Ex: un Australien (=the person) ; un kangourou australien (=adjective of nationality)
  • Capitalise proper nouns, i.e names of places/countries/town, of people
  • Country names generally have an article in French!
    Ex: China = la Chine

Verbs and related

For each verb,

  • Check that you have used the right verb, at the right tense and mood
  • The verb agrees with the subject
  • Adverbs are usually positioned after the verb
  • Does the verb need to be used with a specific preposition? ( à, de, etc)
  • If using reported/indirect speech: if the introductory verb is in the past tense, have you applied any relevant backshift of tense in the reported speech?
  • Compound tenses (passé composé, plus-que-parfait, conditionnel passé, etc):
    • Use of « être » or « avoir » auxiliary ?
    • Does the past participle need to agree (with the subject, with an object)?
  • Negation:
    • The negation has 2 parts (not 3!)
    • Correct position of the negation (especially with compound tenses or infinitives)
  • Infinitive: If using 2 verbs referring to the same subject, the second should be in the infinitive form.
    Ex: J’adore lire.
  • Subjunctive:
    • I there any expression that triggers the use of the subjunctive?
    • The subjunctive can only be used when the subjects of the 2 verbs are different: is this the case?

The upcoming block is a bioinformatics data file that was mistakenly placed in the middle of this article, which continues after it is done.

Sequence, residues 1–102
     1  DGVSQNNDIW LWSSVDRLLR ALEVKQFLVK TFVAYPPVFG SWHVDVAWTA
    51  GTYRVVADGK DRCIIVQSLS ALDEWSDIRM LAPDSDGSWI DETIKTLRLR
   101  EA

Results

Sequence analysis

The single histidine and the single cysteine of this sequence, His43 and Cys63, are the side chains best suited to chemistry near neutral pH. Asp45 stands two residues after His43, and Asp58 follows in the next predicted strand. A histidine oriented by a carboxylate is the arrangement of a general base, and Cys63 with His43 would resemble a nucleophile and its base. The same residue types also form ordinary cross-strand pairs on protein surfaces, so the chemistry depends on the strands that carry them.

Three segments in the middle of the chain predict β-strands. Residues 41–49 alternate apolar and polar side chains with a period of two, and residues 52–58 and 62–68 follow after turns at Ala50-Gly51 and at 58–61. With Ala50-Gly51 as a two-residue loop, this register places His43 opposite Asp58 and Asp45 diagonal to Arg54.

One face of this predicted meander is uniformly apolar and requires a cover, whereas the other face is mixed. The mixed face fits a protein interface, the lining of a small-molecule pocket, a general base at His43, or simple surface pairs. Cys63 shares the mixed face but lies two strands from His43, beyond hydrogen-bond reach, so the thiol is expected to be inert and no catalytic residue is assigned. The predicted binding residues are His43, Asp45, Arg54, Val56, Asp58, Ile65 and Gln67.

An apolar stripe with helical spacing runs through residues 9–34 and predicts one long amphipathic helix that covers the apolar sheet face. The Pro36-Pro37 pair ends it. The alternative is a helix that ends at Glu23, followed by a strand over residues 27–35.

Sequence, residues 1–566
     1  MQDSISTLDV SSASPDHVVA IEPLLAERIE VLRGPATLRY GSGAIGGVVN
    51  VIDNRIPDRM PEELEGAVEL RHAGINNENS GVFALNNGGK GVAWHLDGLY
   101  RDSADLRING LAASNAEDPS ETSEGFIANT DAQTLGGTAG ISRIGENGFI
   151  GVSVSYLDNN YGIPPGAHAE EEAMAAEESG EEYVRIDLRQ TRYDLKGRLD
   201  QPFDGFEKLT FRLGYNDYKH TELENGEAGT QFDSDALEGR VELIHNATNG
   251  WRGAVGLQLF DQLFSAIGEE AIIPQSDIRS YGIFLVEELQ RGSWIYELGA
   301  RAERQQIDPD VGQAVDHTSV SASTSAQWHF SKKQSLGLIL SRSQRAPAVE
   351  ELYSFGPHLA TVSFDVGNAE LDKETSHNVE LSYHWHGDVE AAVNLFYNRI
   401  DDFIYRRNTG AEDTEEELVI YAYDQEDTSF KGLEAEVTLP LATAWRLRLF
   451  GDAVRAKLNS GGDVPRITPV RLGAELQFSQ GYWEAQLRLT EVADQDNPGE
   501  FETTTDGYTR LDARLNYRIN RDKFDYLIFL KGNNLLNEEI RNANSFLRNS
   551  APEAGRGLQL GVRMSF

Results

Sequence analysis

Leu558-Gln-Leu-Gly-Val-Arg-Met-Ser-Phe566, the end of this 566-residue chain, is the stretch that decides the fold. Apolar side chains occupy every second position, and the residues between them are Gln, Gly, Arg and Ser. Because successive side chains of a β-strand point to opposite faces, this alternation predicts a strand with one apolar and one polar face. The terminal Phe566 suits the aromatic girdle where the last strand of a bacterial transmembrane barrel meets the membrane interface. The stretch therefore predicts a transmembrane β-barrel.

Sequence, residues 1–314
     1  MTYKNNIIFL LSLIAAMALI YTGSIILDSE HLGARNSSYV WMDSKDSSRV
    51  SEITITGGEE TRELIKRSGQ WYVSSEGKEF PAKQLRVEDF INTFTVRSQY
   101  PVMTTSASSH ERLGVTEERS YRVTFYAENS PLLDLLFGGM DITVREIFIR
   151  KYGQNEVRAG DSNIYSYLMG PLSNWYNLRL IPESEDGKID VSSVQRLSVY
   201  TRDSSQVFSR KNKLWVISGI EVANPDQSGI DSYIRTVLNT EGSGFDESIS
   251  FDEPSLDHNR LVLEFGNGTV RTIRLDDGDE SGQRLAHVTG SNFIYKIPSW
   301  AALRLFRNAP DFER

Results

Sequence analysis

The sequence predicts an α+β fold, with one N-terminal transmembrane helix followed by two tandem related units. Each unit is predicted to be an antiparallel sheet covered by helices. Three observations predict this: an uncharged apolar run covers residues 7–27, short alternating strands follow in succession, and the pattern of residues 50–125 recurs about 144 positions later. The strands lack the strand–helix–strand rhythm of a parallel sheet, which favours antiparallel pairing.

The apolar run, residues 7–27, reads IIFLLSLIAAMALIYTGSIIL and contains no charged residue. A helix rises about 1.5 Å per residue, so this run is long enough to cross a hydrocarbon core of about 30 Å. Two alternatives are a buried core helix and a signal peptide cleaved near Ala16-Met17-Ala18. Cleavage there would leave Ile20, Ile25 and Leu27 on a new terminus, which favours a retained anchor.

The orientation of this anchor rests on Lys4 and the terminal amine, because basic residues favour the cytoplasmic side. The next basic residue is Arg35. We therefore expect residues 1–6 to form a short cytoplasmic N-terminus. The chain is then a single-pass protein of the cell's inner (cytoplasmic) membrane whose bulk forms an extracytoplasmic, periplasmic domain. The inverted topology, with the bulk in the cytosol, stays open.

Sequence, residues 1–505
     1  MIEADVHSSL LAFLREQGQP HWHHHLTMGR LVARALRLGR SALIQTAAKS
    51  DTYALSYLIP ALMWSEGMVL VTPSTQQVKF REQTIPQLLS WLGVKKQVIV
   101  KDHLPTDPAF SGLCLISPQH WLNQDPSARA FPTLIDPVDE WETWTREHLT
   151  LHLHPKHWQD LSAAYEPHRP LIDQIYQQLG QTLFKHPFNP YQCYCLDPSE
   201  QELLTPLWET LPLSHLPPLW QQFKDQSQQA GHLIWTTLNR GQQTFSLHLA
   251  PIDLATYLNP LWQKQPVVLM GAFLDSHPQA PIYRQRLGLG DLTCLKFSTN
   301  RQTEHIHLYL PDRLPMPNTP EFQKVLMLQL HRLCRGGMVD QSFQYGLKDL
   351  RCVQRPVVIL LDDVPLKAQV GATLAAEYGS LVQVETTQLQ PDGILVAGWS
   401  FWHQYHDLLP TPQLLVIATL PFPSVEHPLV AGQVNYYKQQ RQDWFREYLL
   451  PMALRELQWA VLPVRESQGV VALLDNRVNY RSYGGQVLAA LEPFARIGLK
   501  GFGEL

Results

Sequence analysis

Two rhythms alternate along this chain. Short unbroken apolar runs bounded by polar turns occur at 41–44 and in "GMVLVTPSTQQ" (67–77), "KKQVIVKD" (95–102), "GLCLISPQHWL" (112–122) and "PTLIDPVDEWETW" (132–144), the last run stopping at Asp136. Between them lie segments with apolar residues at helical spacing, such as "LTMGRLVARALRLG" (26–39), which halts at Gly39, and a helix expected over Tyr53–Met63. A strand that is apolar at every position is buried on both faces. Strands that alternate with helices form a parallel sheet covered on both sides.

Pronouns

  • Identify and avoid useless repetitions by using pronouns.
  • What type of pronoun is needed? (direct object, indirect, stress pronoun, reflexive, relative, etc)
  • Check that the form of the pronoun matches what it stands for.
    Ex: “Ma famille”=”elle” (fem.sing.)
  • Ensure that the pronoun is not far from its antecedent/what it stands for : can we easily understand what it refers to?

I hope this helps! Don’t forget to download my user-friendly PDF Proofreading Checklist below.

If you require more help with your proofreading, you can submit your text via my French Essay Correction service.

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Filed Under: Articles & TutorialsTagged With: activity, adjectives, checklist, French essay, French lessons, French tutor, grammar, language learning, method, PDF, proofreading, tips, vocabulary, worksheet, writing